How to live as an idealist

I think I am an idealist. By that, I mean that I have certain ideas about how the world should work, about what a “perfect” world would be like, and I sometimes judge events in real life based on the fact that they fail to meet my ideals. I do not think being an idealist is a bad thing, in fact I think it is a positive thing. I believe the only way that we can move towards real change is for some of us at least to be idealists. As the two following quotes express, it is not possible to come up with new systems for society if you are stuck thinking in terms of the current ones:

Some men see things as they are and ask, “Why?” I dream things that never were, and ask “Why not?”
– George Bernard Shaw

You cannot discover new oceans unless you have the courage to lose sight of the shore.
– anonymous

However, the danger of being an idealist is that I will lose touch with or live in constant denial of reality. Recently I have been thinking about this and struggling with a few questions:

  1. How do I live believing in my ideals but also accepting the fact that the world is not perfect, and that most likely it will never live up to my ideals, let alone in my lifetime?
  2. What can I do in my life that I feel is taking positive steps towards creating a world that lives up to my ideals, while not becoming disillusioned or demotivated by the fact that most likely the overall impact I have will be small?

As I start to think about what my ideals actually are, I encounter another problem/question. First of all, what are some of these ideals?

  1. A world in which all conflicts are resolved non-violently.
  2. A world in which violence is seen as outside the norm.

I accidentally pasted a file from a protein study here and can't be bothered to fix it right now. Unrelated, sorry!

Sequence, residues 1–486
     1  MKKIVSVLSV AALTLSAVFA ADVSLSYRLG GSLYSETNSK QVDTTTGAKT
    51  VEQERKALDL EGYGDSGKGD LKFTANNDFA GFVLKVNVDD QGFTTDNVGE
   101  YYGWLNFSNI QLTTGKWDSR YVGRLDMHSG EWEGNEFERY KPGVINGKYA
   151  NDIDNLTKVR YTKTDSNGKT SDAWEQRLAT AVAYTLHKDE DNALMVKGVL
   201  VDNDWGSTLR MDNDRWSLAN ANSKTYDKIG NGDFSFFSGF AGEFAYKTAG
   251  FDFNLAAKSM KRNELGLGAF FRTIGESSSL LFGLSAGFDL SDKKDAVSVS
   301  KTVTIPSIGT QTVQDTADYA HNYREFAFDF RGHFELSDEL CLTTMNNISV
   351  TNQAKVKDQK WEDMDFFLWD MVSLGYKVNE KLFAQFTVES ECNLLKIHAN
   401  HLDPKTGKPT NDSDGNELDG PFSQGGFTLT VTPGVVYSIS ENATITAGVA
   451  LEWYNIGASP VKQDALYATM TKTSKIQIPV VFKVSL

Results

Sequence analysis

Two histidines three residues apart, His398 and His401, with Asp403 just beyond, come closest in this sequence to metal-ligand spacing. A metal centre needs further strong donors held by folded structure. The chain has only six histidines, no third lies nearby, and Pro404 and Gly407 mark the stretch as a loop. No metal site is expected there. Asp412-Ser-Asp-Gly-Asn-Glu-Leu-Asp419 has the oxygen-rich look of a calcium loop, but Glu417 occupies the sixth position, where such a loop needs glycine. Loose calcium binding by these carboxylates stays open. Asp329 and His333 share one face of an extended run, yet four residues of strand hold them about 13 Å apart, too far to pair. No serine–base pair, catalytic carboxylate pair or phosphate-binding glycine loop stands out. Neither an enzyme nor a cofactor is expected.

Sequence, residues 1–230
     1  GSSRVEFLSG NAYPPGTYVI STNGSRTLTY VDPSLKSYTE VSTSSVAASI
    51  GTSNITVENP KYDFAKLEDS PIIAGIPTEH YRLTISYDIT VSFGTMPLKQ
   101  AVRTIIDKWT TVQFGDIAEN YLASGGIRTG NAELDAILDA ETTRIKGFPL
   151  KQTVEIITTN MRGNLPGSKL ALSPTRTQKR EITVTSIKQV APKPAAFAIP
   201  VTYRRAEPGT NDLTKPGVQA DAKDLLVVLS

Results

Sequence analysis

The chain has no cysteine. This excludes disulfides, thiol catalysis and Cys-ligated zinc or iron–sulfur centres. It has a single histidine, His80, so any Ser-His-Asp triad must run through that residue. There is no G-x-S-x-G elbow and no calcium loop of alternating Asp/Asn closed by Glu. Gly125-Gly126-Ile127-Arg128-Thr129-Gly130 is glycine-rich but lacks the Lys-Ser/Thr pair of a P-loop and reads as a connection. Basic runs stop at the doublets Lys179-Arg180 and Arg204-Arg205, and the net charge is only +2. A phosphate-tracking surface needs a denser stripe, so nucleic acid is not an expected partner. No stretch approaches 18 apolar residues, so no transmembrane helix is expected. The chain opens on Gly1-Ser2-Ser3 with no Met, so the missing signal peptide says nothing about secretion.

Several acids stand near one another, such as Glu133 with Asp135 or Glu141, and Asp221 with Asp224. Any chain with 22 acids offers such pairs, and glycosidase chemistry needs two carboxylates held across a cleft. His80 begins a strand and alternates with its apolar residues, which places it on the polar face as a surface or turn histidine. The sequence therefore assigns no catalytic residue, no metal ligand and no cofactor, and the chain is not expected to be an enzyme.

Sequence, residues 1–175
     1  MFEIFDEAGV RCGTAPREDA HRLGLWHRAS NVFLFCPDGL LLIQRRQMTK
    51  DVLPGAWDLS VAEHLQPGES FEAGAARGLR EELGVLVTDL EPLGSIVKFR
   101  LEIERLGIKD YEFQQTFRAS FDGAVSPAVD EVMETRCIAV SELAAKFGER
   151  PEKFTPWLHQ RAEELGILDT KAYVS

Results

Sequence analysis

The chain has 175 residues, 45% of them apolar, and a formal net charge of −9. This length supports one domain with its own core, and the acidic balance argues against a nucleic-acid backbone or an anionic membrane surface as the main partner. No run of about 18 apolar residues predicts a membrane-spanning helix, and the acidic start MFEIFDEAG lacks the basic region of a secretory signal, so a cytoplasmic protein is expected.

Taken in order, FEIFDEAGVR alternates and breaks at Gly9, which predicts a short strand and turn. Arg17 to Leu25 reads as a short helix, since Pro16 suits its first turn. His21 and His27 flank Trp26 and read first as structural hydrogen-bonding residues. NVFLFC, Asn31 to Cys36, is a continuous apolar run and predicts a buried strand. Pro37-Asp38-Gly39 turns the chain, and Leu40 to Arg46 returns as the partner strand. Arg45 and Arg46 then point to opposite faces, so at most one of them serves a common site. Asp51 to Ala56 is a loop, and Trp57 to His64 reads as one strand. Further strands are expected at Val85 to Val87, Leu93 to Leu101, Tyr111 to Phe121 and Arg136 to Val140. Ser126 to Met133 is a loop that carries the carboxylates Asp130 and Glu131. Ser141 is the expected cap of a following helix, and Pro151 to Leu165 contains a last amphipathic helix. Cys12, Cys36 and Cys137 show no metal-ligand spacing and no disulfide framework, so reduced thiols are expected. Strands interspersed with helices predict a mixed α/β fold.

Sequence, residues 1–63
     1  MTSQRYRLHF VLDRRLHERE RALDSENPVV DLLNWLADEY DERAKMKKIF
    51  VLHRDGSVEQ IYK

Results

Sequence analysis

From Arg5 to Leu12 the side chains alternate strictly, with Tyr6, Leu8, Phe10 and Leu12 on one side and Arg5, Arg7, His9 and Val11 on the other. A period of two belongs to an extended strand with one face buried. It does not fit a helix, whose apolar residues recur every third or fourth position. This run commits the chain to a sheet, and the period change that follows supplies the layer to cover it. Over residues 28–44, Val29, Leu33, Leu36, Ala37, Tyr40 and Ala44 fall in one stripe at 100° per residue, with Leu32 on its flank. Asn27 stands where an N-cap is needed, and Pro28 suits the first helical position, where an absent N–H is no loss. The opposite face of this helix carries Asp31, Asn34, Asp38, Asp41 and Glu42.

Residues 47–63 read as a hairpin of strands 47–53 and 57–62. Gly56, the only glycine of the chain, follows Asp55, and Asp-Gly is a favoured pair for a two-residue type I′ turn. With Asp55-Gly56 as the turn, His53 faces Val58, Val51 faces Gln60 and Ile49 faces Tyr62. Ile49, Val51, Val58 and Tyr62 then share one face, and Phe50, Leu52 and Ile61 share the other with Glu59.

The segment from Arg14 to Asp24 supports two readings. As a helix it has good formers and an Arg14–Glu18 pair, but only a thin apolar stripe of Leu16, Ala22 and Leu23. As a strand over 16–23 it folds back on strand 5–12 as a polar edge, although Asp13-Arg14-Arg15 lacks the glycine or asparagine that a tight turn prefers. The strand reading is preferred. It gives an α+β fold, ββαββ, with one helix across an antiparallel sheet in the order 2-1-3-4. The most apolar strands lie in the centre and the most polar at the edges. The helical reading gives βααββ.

3. A world in which every human being has access to enough food and clean water, to shelter, and to health care.
  4. A world in which children are raised non-authoritatively and non-violently.
  5. A world in which compassion, caring, and cooperation are more highly valued than aggression, self-interest, and competition.
  6. A world in which education allows children to reach their potential and to learn to think critically.

I’m sure there are more aspects to my ideal world, but those are the main ones I can think of right now. Now, I certainly do not imagine that there would be no conflict in this world; I think conflict is a natural part of people trying to live together, but the question is how is that conflict resolved? My answer is, of course, non-violently. However, the question I sometimes struggle is the following:

How do I accept that someone may think just as deeply as I do about the world and the way the world should work, but may come to different conclusions from me? What if someone has really reached a conclusion that violence is a viable tool for resolving conflicts?

Another way of saying this is: I certainly do not want everyone in my ideal world to think exactly the same about everything. That would be incredibly boring, and furthermore, completely impossible. So how do I accept that, since not everyone will think the same, some people may have beliefs or opinions that are in fact in conflict with my ideals themselves?

The thing is, I believe so strongly in my ideals that I do not think the above is possible. I do not think that people who are raised non-authoritatively, who live in an atmosphere of caring and compassion, and who are allowed to reach their full potential will believe that society should be based on something that is in conflict with those values. However, this takes me in a circle because I then again wonder, so I don’t want (or think it is possible in my ideal world) for people to believe in something other than my ideals, but I do accept that there will be conflicts? So what kind of conflicts am I imagining?

If I am not careful, I can start taking myself in circles that cycle between feeling positive and hopeful about my ideals and feeling utterly depressed because there is no way that reality will ever meet those ideals.

If you have thought about these sorts of questions before (or even if you haven’t) and you have any insights, I would love to hear your thoughts.


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